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What can Ten Hag do about the sorry decline of Manchester United?

Erik ten Hag: you have three weeks to save Manchester United’s season. Sound ridiculous after only 90 minutes of Premier League action, even if that was a dire 2-1 home defeat by Brighton on Sunday – their first ever home loss against those opponents in 113 years?

Of course it does, but this is the glaring truth that faces the new manager. And it certainly does not help that Ten Hag’s ability to rebuild an embarrassingly mediocre squad is materially affected by two branches of the executive: the smarts of football director, John Murtough, and the desire of the Glazer family to splurge a serious amount of cash.

The capitulation on Sunday was as if there has not been four months-plus since Ten Hag’s appointment as manager to overhaul the squad, as if last season did not end with the 1-0 defeat at Crystal Palace on 22 May and Ralf Rangnick’s tenure as interim head coach concluding with United in sixth, 35 yawning points behind the champions Manchester City. Brighton’s visit was akin to match No 39 in an ongoing sorry campaign and the latest low point in the club’s post-Sir Alex Ferguson era. The evidence is searing: nothing much has changed since the dog days of last term.

When Ten Hag was appointed on 21 April, the gun was fired on a fresh recruitment drive. The prime target was Frenkie de Jong. Murtough and the Glazers had a relative age to sign the Barcelona playmaker or walk away at a judicious juncture if, say, due diligence found that he may be reluctant to join, or there was an outstanding issue of £17m in deferred wages.

But, no. Instead Ten Hag, Murtough and the Glazers continued with the pursuit of De Jong – a “game of poker”, as characterised by one club executive – up to and beyond the debacle on Sunday with him still a Barcelona player and the percentage chance of signing him dwindling to single figures.

There have been some signings: Christian Eriksen (free), Lisandro Martínez (£48.3m) and Tyrell Malacia (£13m). But with only Eriksen and Martínez starting against Brighton, the team that took to the Old Trafford pitch on Sunday had an all-too familiar, stale feel.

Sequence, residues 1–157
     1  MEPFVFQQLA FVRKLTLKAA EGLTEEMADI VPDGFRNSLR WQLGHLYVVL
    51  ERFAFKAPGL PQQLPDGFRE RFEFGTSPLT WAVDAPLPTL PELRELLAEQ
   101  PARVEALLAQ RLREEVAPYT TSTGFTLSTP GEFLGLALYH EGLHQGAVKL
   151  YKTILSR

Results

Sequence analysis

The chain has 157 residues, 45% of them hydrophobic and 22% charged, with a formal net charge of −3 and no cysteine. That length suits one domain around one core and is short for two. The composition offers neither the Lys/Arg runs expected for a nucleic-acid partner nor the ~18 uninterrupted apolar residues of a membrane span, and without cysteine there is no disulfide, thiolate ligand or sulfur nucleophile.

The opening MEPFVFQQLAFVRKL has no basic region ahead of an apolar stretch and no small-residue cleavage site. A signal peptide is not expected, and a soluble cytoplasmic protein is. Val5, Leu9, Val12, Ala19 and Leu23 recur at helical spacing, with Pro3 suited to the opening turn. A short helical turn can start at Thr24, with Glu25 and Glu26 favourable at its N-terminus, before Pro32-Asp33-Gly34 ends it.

Where De Jong would have lined up, there was instead the functional pairing of Fred and Scott McTominay in a team without Raphaël Varane and Cristiano Ronaldo, the latter coming on as a second-half substitute. It was a lineup pockmarked with mediocrity.

Harry Maguire celebrates Manchester United’s goal against Brighton
Harry Maguire celebrates United’s goal against Brighton, but was caught out of position during the match, as he too often is. Photograph: Ash Donelon/Manchester United/Getty Images

David de Gea can stop shots admirably but is a liability under the high ball and his questionable ability to fashion long-range passes like Ederson was illuminated by one agricultural hoof straight out of play. Diogo Dalot, the right-back, can dither, as was the case when nearly allowing a goal to be scored 15 seconds into the contest. Harry Maguire, retained as captain by Ten Hag, was caught out of position, as he too often is. And if Luke Shaw is of the requisite ability to be a starter for United, Marcus Rashford is very much in the last‑chance saloon in that regard.

Can Ten Hag actually improve any or all of the above? On the evidence of Sunday, the answer is no. But it is his job to do so. Just as Murtough’s is to produce viable alternatives to the want‑away Ronaldo beyond Marko Arnautovic or line up Adrien Rabiot as an alternative to De Jong. The Juventus midfielder’s history of ill-discipline makes him a quaint choice for the martinet‑like Ten Hag.

One test is this: would Pep Guardiola or Jürgen Klopp go for the same players as United are currently doing? If the answer is a negative then they should not be considered, or what is the point in trying to compete with the best two teams in the land?

But, here, we come to the question of the owners: are they really serious about challenging the City-Liverpool hegemony? It is nearly a decade since United were last champions and with only three trophies won in that time, the answer is surely “no”. There is the mountain of debt loaded on the club by the owners – nearly £500m as of the end of last year – and there is the series of failed managers since Ferguson, plus the roll call of middling signings of which those Ten Hag has inherited are merely the latest crop. All of this has to be termed, politely, as mismanagement.

When Sheikh Mansour purchased City 14 years ago the club was transformed by the personnel and structure his ownership put in place. The result: six titles, two FA Cups and six League Cups. When Fenway Sports Group became proprietors of Liverpool in 2010, the same occurred, clear and decisive improvements in personnel and structure resulting in success: a first title for 30 years plus the Champions League, Club World Cup, FA and League Cups. Malcolm Glazer acquired United in 2005 but he inherited the genius Ferguson who had already been in place for 19 years. When the Scot left the decline began: the capitulation to Brighton was the club in microcosm.

There are three weeks left of the transfer window and United desperately need to act in the market. But for Ten Hag to truly prosper, the structural fault lines that run deep at the club also need addressing, and almost certainly via a change of ownership. That is something the Dutchman cannot affect.

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